What is Magnesium and Why Do You Need It?

Magnesium is one of the main electrolyte minerals in the body alongside sodium, calcium, and potassium.

The operation of over 40% of all enzymes in the body have magnesium as a co-factor, or are magnesium dependent. Enzymes are the catalysts of almost every function that happens within the body. 

Lets explore some content from "Therapeautic Uses of Magnesium" by Guerrera, M.P., M.D, Volpe, S. L., PHD, Mao, J. J., M.D. (2009) American Family Physician. 2009 Jul 15;80(2):157-162.

"Magnesium is an essential mineral for optimal metabolic function. Research has shown that the mineral content of magnesium in food sources is declining, and that magnesium depletion has been detected in persons with some chronic diseases... Studies have shown the effectiveness of magnesium in eclampsia and preeclampsia, arrhythmia, severe asthma, and migraine. Other areas that have shown promising results include lowering the risk of metabolic syndrome, improving glucose and insulin metabolism, relieving symptoms of dysmenorrhea, and alleviating leg cramps in women who are pregnant. 

Magnesium is the fourth most abundant essential mineral in the body... Studies estimate that 75 percent of Americans do not meet the recommended dietary allowance of magneisum, which has raised concern about the health effects of magnesium deficiency. Lifestyle factors (e.g., poor nutrition, excess alcohol intake), some medications (e.g., diuretics), and lower mineral content in commonly eaten foods (e.g., fruit, vegetables) have led to an increase in studies evaluating the potential link of magnesium deficiency to a number of diverse medical conditions, and magnesium's possible effectiveness in supplementation."

When describing in detail some more of magnesium's roles in the body, they say
"These processes include protein synthesis, cellular energy production and storage, cell growth and reproduction, DNA and RNA synthesis, and stabilization of mitochondrial membranes. Magnesium is one of the minerals responsible for managing bone metabolism, nerve transmission, cardiac excitability, neuromuscular conduction, muscular contraction, vasomotor tone, and blood pressure. Magnesium also plays a significant role in glucose and insulin metabolism, mainly through its impact on tyrosine kinase activity, phosphorylase b kinase activity, and glucose transporter protein activity. Because of these vital roles, magnesium levels may be affected by stressors to the body, such as in certain disease states. Supplementation with magnesium may have therapeutic effects in these situations."

Lots to unpack here - but in simpler terms, Magnesium effects almost every physical process. It is a truly foundational piece of the biological puzzle. 

A large part of why the list goes on and on regarding Magnesium is because of that important enzyme concept. Enzymes facilitate most physical functions.

What does that mean? To properly process carbohydrates into biological energy - there are specific enzymes required. To provide oxygen to your tissues - specific enzymes required. To produce hormones like testosterone and progesterone from cholesterol - specific enzymes. All of these enzymes require minerals to work, one of the main minerals being Magnesium.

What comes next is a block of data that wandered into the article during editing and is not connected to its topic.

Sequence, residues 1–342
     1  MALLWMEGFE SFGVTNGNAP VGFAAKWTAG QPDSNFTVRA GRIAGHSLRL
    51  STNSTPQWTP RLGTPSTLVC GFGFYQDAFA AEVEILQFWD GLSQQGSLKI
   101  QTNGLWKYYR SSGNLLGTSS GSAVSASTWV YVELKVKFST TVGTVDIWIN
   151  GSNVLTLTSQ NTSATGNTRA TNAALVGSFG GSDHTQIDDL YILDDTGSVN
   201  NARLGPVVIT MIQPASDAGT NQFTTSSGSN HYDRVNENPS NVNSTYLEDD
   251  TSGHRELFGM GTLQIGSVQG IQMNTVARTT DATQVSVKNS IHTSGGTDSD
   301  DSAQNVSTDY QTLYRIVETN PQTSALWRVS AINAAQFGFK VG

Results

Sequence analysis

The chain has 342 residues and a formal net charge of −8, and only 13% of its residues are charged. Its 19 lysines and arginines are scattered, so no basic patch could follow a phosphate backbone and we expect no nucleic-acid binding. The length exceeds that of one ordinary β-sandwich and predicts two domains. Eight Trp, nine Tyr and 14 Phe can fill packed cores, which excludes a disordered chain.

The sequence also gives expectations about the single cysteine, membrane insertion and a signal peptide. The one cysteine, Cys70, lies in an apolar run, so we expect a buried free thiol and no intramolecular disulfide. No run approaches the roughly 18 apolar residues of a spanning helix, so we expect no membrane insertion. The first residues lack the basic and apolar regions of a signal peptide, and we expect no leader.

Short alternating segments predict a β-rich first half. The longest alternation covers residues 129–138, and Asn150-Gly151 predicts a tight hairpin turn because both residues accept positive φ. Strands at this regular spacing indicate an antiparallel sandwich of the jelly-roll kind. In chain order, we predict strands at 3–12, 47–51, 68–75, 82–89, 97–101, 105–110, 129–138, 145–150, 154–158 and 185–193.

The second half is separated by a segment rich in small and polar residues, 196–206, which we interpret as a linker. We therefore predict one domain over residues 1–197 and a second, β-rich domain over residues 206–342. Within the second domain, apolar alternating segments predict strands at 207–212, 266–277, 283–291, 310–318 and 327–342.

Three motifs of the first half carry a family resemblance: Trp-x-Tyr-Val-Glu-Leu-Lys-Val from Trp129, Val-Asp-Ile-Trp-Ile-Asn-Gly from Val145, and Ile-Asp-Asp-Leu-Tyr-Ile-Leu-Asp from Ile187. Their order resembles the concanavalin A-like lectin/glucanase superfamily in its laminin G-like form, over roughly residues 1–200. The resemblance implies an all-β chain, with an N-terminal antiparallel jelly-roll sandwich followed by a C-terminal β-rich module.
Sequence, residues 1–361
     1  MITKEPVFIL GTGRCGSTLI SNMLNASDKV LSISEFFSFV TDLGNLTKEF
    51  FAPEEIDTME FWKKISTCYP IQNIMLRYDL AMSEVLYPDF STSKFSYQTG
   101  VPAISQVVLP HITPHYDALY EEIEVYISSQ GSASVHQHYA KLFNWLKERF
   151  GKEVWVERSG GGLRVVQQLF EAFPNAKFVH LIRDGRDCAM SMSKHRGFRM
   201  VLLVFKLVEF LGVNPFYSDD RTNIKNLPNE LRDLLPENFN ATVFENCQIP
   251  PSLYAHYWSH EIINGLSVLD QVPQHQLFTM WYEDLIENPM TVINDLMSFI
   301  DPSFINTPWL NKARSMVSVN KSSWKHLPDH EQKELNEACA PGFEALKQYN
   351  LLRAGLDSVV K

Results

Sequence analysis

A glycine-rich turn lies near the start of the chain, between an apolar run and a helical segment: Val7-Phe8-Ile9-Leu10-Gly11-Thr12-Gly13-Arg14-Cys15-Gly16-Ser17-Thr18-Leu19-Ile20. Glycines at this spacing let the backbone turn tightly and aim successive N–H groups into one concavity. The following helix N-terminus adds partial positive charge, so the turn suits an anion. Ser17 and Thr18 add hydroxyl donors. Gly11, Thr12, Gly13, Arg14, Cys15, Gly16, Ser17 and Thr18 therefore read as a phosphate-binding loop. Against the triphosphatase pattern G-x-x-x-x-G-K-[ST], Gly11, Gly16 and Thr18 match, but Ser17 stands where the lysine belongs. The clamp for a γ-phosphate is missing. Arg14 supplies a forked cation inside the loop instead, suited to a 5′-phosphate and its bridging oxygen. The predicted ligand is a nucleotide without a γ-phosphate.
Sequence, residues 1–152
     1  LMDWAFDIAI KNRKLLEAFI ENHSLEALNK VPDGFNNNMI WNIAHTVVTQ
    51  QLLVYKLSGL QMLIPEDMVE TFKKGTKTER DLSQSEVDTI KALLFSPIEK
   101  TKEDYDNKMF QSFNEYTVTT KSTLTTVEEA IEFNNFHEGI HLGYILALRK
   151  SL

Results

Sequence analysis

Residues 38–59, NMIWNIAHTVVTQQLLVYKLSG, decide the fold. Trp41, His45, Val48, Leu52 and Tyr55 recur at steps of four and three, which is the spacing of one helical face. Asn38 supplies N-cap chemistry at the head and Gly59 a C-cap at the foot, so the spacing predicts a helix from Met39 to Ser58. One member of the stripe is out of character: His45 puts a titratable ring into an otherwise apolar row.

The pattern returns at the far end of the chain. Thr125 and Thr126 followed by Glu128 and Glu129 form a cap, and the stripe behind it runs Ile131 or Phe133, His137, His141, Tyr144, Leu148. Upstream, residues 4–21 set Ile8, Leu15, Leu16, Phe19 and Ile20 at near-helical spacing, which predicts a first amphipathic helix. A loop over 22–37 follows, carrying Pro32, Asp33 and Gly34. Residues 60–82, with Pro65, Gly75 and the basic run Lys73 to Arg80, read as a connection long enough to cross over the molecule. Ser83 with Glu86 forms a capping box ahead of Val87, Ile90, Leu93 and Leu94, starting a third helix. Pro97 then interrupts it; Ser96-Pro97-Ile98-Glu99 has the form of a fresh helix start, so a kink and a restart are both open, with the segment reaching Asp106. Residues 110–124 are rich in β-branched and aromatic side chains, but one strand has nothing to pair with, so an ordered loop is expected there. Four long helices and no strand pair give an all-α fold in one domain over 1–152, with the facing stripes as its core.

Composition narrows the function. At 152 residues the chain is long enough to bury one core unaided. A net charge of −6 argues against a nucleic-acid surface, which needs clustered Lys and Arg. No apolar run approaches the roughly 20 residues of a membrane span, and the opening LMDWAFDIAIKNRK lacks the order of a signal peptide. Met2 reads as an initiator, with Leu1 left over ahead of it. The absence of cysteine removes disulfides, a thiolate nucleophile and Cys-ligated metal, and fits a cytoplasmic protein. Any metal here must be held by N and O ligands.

If enzymes are impaired or inhibited, then functionality suffers. When functionality suffers, you get "X" symptom, or get labeled with "Y" condition. But in reality there is a larger issue at hand that can be addressed by looking at the very foundational pieces of creating health, such as mineral balance and nutritional sufficiency. Which, along with the mitigation of physical, mental, and emotional stressors, are at the root of every issue. 

So if you want to rid yourself of any symptom, it's important to look at the bigger picture. Even if it's something as benign as general fatigue, lack of motivation, or mental obstacles such as anxiety, insecurity, depression, or brain fog. It may very well be that the conductors of the entire orchestra are missing, and once that is addressed a lot of these issues will go away. Of course, also done in context with a diet filled with nutrient dense foods, not restrictive of sugar/carbohydrates (the primary fuel of the cell), and animal sourced protein. 

In other posts I'll go more into why everyone is Magnesium deficient in the context of post-industrial revolution life, how Magnesium is required for all biological energy production (it's not ATP, it's MgATP), and what's the best way to deal with that deficiency to optimize our physical function and overall health. 

 

References:

1. Guerrera, M.P., M.D, Volpe, S. L., PHD, Mao, J. J., M.D. (2009). Therapeutic Uses of Magnesium. American Family Physician. 2009 Jul 15;80(2):157-162.
https://www.aafp.org/afp/2009/0715/p157.html

2. J Lin, L P Pan, S I Chan. (1993). The subunit location of magnesium in cytochrome c oxidase. J Biol Chem. 1993 Oct 15;268(29):22210-4. https://pubmed.ncbi.nlm.nih.gov/8408083/

3. A Panov, A Scarpa. (1996). Independent modulation of the activity of alpha-ketoglutarate dehydrogenase complex by Ca2+ and Mg2+. Biochemistry. 1996 Jan 16;35(2):427-32. doi: 10.1021/bi952101t.
https://pubmed.ncbi.nlm.nih.gov/8555212/

4. Martha Rodríguez-Morán, Fernando Guerrero-Romero. (2003). Oral magnesium supplementation improves insulin sensitivity and metabolic control in type 2 diabetic subjects: a randomized double-blind controlled trial. Diabetes Care. 2003 Apr;26(4):1147-52. doi: 10.2337/diacare.26.4.1147.
https://pubmed.ncbi.nlm.nih.gov/12663588/

What is Magnesium and Why Do You Need It?